The diaphragm base 18e obtained in the manner described above is shown in FIG. 1E as if it had relatively high permeability. However, FIG. 1E, as well as other figures, is greatly enlarged. With this fact taken into consideration, it will be seen that the permeability of the diaphragm base 18e is not such as to make the diaphragm unusable and that, therefore, said permeability is not to the degree that it should be prohibited from being imparted to such diaphragm. Therefore, the diaphragm base 18e, as it is, will encounter no problem as to its permeability and is usable as such. However, an interstice-filling treatment to be presently described may be easily carried out. In addition, it should be repeatedly pointed out that such interstice-filling treatment is not an essential requisite of the present invention.

The interstice-filling treatment, indicated by a block 42 of FIG. 1B, is performed by impregnating the diaphragm base 18e (FIG. 1E), for example, with a solution comprising 5g of acetylcellulose (or nitrocellulose), 80 ml of ethyl alcohol and 20 ml of acetone. Subsequent to this impregnation, it is allowed to dry naturally. FIG. 1F shows the diaphragm base 18f which has been subjected to said interstice-filling treatment. As shown in FIG. 1F, interstice-filling films (for example, acetylcellulose films) 24 are so formed as to provide very thin films in the meshes formed between fibers. That is, when the diaphragm base is immersed in said interstice-filling solution and then taken out therefrom, the interstice-filling films 24 are in a state in which they are stretched thinly in the meshes between fibers by the surface tension of the liquid, the films being then allowed to dry while substantially maintaining such state. Thus, the interstice-filling films 24 act to reduce said permeability.

The reason for using cellulose resin as described above is that even a diluted solution obtained by dissolving a very small amount of cellulose resin has a high capability of forming film and that, therefore, it is possible to fill the interstices with out substantially increasing the weight of the diaphragm. Other resins have no such capability.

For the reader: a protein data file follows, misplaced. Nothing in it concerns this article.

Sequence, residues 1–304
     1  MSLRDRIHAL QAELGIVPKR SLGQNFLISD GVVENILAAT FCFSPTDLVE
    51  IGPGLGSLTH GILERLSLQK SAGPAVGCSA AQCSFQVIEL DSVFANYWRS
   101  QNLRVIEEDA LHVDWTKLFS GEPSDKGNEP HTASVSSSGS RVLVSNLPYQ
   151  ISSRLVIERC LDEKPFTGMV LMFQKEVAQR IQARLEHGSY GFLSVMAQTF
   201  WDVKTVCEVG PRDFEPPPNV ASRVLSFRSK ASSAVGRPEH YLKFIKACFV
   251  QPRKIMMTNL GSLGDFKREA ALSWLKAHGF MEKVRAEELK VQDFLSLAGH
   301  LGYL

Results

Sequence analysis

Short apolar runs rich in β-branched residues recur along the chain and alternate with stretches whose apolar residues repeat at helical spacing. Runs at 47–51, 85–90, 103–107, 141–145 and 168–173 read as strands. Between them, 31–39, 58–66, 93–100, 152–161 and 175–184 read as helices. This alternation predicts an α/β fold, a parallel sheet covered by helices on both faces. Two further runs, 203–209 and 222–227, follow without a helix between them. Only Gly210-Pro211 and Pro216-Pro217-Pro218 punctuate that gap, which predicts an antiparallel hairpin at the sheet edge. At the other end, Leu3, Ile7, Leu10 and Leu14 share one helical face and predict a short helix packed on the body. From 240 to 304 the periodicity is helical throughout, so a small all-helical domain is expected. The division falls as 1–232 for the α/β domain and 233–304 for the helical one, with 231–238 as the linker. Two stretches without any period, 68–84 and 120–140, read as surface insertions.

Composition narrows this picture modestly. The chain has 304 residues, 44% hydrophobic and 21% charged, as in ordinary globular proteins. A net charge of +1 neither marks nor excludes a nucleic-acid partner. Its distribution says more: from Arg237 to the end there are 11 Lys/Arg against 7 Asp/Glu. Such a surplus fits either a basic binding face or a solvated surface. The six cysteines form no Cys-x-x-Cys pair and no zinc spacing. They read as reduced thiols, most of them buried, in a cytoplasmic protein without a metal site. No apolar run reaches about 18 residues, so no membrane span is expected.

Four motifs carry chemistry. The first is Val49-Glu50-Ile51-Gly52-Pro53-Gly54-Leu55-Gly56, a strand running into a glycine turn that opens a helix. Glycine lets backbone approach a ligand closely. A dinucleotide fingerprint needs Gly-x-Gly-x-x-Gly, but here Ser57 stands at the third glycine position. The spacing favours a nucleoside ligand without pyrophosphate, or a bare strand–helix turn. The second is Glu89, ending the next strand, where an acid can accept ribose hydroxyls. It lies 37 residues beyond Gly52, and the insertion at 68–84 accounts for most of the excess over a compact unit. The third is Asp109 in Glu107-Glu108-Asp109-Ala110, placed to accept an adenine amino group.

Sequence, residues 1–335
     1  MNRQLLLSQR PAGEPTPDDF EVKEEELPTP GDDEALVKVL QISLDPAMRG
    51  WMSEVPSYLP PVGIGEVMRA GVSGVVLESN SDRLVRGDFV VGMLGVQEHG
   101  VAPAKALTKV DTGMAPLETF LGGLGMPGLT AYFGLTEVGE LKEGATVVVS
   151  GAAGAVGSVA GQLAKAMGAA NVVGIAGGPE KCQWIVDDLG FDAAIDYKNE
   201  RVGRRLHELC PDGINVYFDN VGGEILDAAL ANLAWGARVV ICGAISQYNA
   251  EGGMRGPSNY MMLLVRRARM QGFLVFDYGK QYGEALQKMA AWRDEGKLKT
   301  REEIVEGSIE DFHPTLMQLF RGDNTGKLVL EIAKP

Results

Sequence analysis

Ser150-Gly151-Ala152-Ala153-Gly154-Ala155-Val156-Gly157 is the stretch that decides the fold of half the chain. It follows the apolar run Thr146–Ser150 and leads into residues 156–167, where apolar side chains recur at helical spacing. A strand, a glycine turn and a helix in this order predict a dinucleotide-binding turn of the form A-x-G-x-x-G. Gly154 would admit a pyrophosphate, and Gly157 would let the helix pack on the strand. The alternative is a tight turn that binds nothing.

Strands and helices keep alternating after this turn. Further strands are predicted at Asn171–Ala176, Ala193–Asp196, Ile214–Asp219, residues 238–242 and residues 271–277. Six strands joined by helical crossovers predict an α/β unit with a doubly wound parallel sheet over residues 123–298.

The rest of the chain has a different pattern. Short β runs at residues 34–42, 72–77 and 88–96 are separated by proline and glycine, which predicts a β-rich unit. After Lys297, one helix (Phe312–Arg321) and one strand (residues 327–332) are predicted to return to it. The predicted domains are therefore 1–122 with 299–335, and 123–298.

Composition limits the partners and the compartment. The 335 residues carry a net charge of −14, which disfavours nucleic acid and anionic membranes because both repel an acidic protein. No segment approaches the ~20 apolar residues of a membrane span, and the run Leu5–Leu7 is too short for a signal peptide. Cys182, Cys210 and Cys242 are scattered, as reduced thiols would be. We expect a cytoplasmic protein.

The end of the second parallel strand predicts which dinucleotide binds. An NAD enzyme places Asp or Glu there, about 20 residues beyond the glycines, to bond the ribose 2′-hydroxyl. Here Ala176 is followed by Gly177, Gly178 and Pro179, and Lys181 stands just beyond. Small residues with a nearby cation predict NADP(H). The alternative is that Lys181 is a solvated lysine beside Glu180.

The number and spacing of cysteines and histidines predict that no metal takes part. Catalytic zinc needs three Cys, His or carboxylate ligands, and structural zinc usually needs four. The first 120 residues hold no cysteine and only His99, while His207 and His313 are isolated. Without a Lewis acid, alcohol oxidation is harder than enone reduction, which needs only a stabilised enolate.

The process shown in FIG. 1B described so far is superior in mass production. This is believed to be due to the use of PVA fiber. However, PVA fiber is low in heat-resistance and water-resistance and may cause a decrease in the rate of propagation √E/ρ. In some cases, therefore, it would be more preferable not to use PVA fiber. A method which does not use PVA fiber will be described below.

FIG. 1G is a flow chart showing another method of producing speaker diaphragms. In a step indicated by a block 44, carbon fiber and pulp are prepared as raw materials. This step is followed by a screen step indicated by a block 46. A diaphragm base obtained in this screen step is bulky owing to the spring-back of the carbon fiber. As indicated by block 48, the deposition of a thermosetting resin is then performed, for example, by impregnation or spraying. Hot press shaping is then performed, as indicated by a block 50. In this hot press shaping, the density of fibers in the diaphragm is increased and at the same time the thermosetting resin is thermally set. When this hot press shaping step 50 is completed, the state of the diaphragm base is the same as that of the diaphragm base 18d of FIG. 1D described above except that it does not certain PVA fiber. As in the block 40 and 42 of FIG. 1B described above, electroless plating as indicated by a block 52 is applied, followed by interstice-filling as indicated by a block 54.

The method outlined above does not use PVA fiber and instead it performs hot press shaping to achieve two objects at the same time, namely, heating the thermosetting resin and increasing the fiber density.

The non-use of PVA fiber, as compared with the previously described method, is expected to improve the characteristics of the diaphragm exemplified by the rate of propagation √E/ρ.